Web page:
By Grant Smith
NEW YORK (Reuters) - Democratic presidential nominee Hillary Clinton has a 6-percentage-point lead over Republican rival Donald Trump, according to a Reuters/Ipsos tracking poll released on Tuesday.
Clinton's support has ranged from 41 percent to 44 percent since late July, and was about 41 percent in the Aug. 11-15 online poll.
Trump's support has experienced wider shifts ranging from 33 percent to 39 percent while his campaign has endured controversies and distractions in recent weeks. He is favored by about 35 percent of likely voters, according to the most recent poll.
Trump has caused divisions in the Republican Party with his strong anti-immigrant and anti-Muslim rhetoric, and faced criticism from both parties earlier this month for a days-long feud with the parents of a Muslim American Army captain killed in Iraq. Last week, 70 Republicans, including former members of Congress and Republican National Committee staff, wrote a letter calling for the RNC to stop helping Trump, whose actions they said were "divisive and dangerous."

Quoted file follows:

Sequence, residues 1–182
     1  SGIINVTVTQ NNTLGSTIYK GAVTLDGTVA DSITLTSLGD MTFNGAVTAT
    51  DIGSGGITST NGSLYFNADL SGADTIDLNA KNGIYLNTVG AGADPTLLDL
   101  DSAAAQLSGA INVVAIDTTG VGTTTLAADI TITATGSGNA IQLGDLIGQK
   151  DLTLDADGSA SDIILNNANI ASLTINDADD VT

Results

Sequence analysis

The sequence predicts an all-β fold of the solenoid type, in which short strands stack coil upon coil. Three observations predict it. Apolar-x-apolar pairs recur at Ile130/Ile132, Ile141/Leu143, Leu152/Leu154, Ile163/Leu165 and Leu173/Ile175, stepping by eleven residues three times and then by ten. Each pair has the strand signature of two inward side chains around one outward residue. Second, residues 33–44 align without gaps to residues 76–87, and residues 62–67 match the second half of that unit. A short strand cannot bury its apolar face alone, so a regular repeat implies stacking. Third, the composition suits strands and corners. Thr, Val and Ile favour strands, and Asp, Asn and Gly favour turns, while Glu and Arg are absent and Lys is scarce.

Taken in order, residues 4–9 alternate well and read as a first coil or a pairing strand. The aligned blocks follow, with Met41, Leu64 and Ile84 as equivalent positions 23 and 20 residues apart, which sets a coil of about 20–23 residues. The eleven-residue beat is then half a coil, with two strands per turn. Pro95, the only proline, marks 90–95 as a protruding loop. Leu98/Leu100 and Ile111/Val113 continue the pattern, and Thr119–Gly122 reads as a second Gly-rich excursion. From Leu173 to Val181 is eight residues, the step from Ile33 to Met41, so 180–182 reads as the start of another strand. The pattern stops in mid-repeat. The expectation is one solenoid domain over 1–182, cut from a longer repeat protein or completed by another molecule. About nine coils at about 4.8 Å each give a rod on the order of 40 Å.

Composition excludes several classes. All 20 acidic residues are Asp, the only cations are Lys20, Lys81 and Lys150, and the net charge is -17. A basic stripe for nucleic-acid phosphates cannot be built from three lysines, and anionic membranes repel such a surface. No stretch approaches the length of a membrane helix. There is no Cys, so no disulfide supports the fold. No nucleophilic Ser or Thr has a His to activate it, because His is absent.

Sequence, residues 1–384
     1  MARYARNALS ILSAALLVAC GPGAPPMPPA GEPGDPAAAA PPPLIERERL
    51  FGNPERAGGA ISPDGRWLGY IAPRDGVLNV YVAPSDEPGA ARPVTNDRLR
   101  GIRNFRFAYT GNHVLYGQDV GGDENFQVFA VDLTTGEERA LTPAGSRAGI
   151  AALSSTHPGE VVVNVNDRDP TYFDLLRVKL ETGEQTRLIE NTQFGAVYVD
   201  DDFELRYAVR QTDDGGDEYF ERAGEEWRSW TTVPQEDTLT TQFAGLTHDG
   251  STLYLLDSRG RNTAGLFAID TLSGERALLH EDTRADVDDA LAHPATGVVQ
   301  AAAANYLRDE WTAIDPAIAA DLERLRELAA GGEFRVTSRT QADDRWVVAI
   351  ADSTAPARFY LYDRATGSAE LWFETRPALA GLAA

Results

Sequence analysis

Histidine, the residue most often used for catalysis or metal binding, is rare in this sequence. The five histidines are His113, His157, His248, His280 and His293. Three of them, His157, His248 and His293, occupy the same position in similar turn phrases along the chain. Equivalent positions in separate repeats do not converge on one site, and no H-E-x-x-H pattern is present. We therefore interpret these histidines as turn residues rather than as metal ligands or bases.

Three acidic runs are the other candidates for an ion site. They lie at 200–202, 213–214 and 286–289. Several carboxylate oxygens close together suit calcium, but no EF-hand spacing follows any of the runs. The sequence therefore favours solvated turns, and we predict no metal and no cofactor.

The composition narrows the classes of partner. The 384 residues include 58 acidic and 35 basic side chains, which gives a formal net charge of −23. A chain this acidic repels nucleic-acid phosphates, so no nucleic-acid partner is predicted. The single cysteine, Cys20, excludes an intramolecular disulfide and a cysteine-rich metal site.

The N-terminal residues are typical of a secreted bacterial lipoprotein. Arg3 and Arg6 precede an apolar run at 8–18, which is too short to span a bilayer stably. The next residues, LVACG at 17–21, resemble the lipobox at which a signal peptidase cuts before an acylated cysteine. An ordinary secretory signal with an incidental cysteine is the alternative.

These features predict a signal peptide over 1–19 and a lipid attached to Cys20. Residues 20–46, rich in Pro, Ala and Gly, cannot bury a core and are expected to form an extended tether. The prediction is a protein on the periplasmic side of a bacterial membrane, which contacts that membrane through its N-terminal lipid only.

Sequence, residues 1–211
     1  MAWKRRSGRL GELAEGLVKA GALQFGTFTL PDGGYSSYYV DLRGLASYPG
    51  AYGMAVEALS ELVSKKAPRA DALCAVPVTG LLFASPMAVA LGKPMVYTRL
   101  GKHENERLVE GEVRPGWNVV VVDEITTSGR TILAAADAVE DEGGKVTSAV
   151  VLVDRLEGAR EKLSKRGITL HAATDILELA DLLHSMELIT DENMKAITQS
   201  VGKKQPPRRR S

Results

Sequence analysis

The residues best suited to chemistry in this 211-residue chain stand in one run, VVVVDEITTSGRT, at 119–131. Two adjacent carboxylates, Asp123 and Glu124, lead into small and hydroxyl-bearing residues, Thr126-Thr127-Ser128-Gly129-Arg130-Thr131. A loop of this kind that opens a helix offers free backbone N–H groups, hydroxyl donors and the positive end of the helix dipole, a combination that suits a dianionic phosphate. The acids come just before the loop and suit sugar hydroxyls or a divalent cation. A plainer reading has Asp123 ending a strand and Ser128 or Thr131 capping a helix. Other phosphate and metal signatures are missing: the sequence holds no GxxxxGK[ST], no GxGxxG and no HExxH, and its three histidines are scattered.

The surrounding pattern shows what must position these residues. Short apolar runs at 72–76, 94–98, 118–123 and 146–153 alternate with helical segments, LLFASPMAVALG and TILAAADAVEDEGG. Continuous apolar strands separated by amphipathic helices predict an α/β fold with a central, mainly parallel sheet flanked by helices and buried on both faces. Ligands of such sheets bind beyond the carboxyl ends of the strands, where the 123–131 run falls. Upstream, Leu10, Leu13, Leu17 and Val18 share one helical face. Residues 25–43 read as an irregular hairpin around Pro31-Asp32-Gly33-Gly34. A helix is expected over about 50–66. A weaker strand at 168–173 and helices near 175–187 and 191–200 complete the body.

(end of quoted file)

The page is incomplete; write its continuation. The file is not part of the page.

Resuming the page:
The number of likely voters who picked neither Clinton nor Trump in the poll was nearly 24 percent.
- PHOTOS: What's Brewing in Steamy Hallows, the Harry Potter-Inspired Cafe19 Pictures
- PHOTOS: Frida Kahlo at the Brooklyn Museum doesn't hold back23 Pictures
At this point in 2012, President Barack Obama was ahead of Republican nominee Mitt Romney by nearly the same margin, favored by 46 percent of likely voters to Romney's 41 percent, with about 13 percent picking neither candidate.
Obama and Romney swapped the lead in the poll several times through the summer and early fall before the president took and held the lead in late October.
In a separate Reuters/Ipsos poll that gave respondents the option to choose from Clinton, Trump, Libertarian candidate Gary Johnson and Green Party candidate Jill Stein, Clinton also led Trump by 6 percentage points.
Of the alternative party candidates, Johnson came in third with 8 percentage points. Stein had about 2 percentage points.
The Aug. 11-15 polls surveyed a sample of 1,132 and 1,131 likely voters, respectively, and had a credibility interval of 3 percentage points.
(Editing by Jonathan Oatis)